Dublin Bus operating full service following three-day strikeWednesday 07 August 2013 22.37
Dublin Bus is operating a full schedule today, after a three-day strike was suspended at the company last night.
Talks are under way at the Labour Court following an invitation to all parties to try to find a solution to the dispute over the company's cost-cutting plan.
Speaking on his way into the Labour Court, NBRU Assistant General Secretary Dermot O'Leary said his union was going into the talks in a positive mood.
He said he was looking for confirmation on exactly how long the cost cutting measures would be in place and also the size of the contribution management grades will make.
SIPTU's Willie Noone said the talks would be difficult and there would have to be some movement on the cost saving measures to make them acceptable.
Philip Donohue, head of Human Resources at Dublin Bus, said he was hopeful of a resolution.
He said it was critical that the necessary savings are achieved and the company has lost €600,000 over the course of the three day strike which he described as regrettable.
Earlier, Minister of State with special responsibility for Public and Commuter Transport Alan Kelly urged both sides to go into the talks with "an open mind" and in "solution mode".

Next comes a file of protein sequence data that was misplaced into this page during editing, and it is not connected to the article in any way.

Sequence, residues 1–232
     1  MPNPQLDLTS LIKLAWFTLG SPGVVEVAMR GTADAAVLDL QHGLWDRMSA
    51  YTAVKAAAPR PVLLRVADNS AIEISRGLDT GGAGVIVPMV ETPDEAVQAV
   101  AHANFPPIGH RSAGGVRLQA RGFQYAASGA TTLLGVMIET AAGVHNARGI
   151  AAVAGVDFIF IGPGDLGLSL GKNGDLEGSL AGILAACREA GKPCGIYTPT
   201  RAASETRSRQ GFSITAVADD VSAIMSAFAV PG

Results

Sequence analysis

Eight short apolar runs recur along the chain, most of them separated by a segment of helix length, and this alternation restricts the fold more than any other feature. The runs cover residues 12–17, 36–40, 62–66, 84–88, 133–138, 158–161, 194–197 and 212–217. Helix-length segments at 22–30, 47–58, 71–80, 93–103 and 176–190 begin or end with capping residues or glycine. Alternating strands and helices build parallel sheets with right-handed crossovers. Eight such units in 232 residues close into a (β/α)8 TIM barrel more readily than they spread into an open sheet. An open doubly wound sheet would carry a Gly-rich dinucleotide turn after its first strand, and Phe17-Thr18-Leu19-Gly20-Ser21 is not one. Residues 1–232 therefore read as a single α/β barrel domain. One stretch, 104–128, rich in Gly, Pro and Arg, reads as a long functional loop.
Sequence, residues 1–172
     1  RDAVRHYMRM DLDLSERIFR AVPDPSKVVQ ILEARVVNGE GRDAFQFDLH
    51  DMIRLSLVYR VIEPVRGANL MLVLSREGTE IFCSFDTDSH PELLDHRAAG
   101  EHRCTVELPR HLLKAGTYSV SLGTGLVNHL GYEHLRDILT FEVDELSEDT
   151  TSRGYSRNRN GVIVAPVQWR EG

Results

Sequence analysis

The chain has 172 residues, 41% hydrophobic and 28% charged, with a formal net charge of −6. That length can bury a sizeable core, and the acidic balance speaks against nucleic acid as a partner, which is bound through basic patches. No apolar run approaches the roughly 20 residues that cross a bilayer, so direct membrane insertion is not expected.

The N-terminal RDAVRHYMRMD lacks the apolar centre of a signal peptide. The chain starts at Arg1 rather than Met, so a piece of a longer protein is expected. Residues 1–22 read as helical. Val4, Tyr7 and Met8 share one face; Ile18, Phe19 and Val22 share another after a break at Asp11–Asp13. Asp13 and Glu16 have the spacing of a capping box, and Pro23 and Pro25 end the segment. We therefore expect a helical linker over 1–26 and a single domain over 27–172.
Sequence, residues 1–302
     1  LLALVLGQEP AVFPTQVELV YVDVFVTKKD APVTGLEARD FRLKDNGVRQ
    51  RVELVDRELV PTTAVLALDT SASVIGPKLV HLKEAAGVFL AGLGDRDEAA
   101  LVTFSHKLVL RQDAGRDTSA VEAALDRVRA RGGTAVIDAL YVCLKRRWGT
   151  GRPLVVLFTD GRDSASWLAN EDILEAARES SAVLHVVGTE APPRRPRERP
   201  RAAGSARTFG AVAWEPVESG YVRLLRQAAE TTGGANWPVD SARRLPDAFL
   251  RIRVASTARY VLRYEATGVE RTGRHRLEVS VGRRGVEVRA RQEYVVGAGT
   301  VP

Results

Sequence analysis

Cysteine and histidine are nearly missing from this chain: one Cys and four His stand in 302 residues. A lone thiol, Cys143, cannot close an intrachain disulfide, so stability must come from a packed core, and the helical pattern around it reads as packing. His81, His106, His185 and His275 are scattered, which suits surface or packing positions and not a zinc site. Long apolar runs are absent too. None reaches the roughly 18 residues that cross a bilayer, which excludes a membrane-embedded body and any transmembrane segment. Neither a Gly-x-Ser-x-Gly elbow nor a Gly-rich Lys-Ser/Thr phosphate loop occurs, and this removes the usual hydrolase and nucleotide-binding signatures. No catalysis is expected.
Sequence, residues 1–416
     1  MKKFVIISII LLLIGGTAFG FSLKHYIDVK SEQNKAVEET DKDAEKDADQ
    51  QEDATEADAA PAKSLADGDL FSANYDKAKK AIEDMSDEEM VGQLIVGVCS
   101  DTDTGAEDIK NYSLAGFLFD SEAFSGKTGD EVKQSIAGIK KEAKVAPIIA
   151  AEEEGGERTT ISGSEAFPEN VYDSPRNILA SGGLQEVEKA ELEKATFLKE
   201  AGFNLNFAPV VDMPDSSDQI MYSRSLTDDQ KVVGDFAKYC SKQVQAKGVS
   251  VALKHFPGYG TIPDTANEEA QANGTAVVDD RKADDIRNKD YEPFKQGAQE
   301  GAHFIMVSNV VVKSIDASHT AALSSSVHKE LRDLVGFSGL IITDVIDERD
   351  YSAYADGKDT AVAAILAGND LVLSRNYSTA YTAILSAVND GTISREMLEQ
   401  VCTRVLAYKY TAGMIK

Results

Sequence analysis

Speaking on RTÉ's Morning Ireland, Mr Kelly said his department had been watching the situation over the last three days, and he was glad the Labour Court made its intervention.
He said he believes both sides will be able to thrash out a compromise that will mean savings for Dublin Bus that will protect its future and protect its jobs.
Mr Kelly said that both sides need to have clarity.
"Workers need to know how this is going to impact on them, and management need to know how they can plan for the future."
The strike has cost the company €1m in lost revenue since Sunday.
Staff who were on strike have not been paid wages.
But it has also affected hundreds of thousands of commuters, as well as businesses in the capital.
While the talks are under way, the situation at the company reverts to the way it was before cost-cutting measures were introduced.